Is there truth behind the '5-second' rule on food?

January 24, 2011 7:47 am 

By Maybelline M. Dy

MANILA, Jan. 22 — Countless times have a number of people accidentally dropped their food on the floor, picked it up quickly, dusted it off, and ate it.

"Five-second rule!" they must have said triumphantly, albeit silently. In the Philippines, "Wala pang five seconds!" is what's often heard.

The five-second rule states that it's still safe to eat food that has been dropped on the floor if it is picked up within five seconds.

For sure there have been one too many debates over the validity of this rule. Some believe and follow it, some don't.

For one thing, determining exactly when the "five- second" rule starts and ends is a problem since not all people always carry a stopwatch with them.

There actually have been a number of scientific studies conducted independently by different researchers to find out if there is any grain of truth to this rule.

In 2003, a pioneering research was done by then high school student Jillian Clarke. She conducted a study about the five-second rule as an intern at the Hans Blaschek Laboratory in the University of Illinois. She did the research under the supervision of Meredith Agle who was at that time a candidate for a doctoral degree in the said university.

Clarke, then a senior student at the Chicago High School for Agricultural Sciences, found out that food could be contaminated within five seconds or less if it hit the floor that already contained germs.

On one side of the study, Clarke and Agle found out that the university floors from which they took some microbial samples were actually clean.

"We didn't even find a countable number of bacteria on the floor. We thought we might have made a mistake, so we tried again with the same result," she said in an article by Phyllis Picklesimer, also from the University of Chicago.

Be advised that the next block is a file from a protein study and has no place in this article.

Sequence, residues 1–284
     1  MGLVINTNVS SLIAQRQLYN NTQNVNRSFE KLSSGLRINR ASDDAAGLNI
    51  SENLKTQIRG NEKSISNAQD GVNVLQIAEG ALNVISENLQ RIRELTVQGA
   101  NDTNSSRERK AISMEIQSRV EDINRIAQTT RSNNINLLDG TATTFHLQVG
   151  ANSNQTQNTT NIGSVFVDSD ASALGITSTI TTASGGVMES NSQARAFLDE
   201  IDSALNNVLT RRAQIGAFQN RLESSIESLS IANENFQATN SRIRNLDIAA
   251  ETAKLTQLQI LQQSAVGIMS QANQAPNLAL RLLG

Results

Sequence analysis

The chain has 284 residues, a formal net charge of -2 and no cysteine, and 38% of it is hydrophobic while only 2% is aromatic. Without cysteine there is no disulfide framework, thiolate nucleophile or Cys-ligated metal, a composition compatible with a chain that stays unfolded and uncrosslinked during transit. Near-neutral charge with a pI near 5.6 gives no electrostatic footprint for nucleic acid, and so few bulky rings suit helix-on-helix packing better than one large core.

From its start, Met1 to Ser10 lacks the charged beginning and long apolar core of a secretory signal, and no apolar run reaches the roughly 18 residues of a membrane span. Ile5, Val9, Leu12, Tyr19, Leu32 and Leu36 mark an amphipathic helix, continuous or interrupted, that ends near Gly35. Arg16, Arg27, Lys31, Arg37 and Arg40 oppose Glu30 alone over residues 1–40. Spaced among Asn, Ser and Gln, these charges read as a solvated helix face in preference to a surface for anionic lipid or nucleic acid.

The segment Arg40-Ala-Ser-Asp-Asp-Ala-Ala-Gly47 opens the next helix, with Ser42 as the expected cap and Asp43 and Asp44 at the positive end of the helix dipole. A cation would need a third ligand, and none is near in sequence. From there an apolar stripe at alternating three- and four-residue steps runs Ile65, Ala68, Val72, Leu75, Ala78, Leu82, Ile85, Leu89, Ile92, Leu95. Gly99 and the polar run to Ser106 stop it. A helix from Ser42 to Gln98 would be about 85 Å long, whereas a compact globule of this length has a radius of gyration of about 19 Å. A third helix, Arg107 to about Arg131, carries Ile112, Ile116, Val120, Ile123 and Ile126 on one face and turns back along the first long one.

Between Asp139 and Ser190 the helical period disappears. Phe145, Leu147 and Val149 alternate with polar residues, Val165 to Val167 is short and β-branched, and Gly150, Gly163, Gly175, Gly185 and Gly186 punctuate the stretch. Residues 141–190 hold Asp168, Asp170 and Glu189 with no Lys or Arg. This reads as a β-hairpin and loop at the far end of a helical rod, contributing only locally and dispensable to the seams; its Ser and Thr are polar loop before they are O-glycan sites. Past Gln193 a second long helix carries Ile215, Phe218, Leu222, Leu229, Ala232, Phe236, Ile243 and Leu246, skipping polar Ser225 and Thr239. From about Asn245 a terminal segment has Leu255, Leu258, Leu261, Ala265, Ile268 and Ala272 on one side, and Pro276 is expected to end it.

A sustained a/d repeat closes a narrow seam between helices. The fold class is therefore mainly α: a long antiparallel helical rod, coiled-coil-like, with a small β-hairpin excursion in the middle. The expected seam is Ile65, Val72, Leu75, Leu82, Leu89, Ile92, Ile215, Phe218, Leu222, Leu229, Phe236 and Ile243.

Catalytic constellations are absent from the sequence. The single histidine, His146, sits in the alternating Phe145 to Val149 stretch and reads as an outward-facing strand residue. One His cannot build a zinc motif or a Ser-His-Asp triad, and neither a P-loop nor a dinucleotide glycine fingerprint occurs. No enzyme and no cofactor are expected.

Suffice it to say, if the floors have barely countable microorganisms, it would take a longer time to contaminate food that has hit the ground.

For the groundbreaking study, Clarke got an Ig Nobel award at Harvard University in 2004.

Another study was conducted by Professor Paul L. Dawson, PhD, at Clemson University in 2007. He and his students were able to publish the results of their study in the Journal of Applied Microbiology.

According to their research, bacteria can actually be transferred from surfaces like tabletops and floors in five seconds. They used bologna and bread as food samples and dropped them to surfaces that have been contaminated with salmonella bacteria.

In addition, they found out that some bacteria can survive on dry surfaces even after a long period of time, thus, still viable to contaminate food.

Dawson said "the five-second rule is not an accurate guide when it comes to eating food that has fallen on the floor."

To shed more light regarding the five-second rule, two senior university students from Connecticut College did some experiments in 2007 involving apple slices and Skittles candies.

Molly Goettshe and Nicole Moin, both cell and molecular biology students at that time, said they designed their experiment "to test the rule in an everyday environment." They dropped their food samples on the floors of their university's dining hall and student bar.

Results showed that there were no bacteria present on the food after 30 seconds. It took one minute for the apple slices to be tainted with bacteria, and five minutes for the Skittles candies.

At first glance, the outcome of the studies seem to be in conflict with one another. If a closer look is taken, however, the results are actually synergistic. University floors have been found to have low levels of germs, thus, it would take longer than five seconds for bacteria to contaminate food (especially dry food). It was also concluded that for surfaces that were already tainted with germs, it would take less than five seconds to contaminate food. Dry foods take longer to contaminate than wet foods.

One cannot tell for sure, though, that a particular surface is clean or already contained germs. There is so much that the naked eye can't see.

"Err on the side of safety," said Ruth Frenchman, spokeswoman for the American Dietetic Association. If food has fallen to the ground, even if the ground looks clean, it is best not to pick it up for consumption.

Robert Romaine, a former health inspector in San Diego COunty, now a food safety consultant and culinary instructor, said, "We teach students that any surface, especially floors, should not be considered clean, and any food that comes in contact with it is trash."

If you are able to beat the five-second deadline, think longer before you put the food in your mouth. Better yet, just throw it out. "Wala pang five seconds!" can get you sick just as quickly. (PNA Feature)

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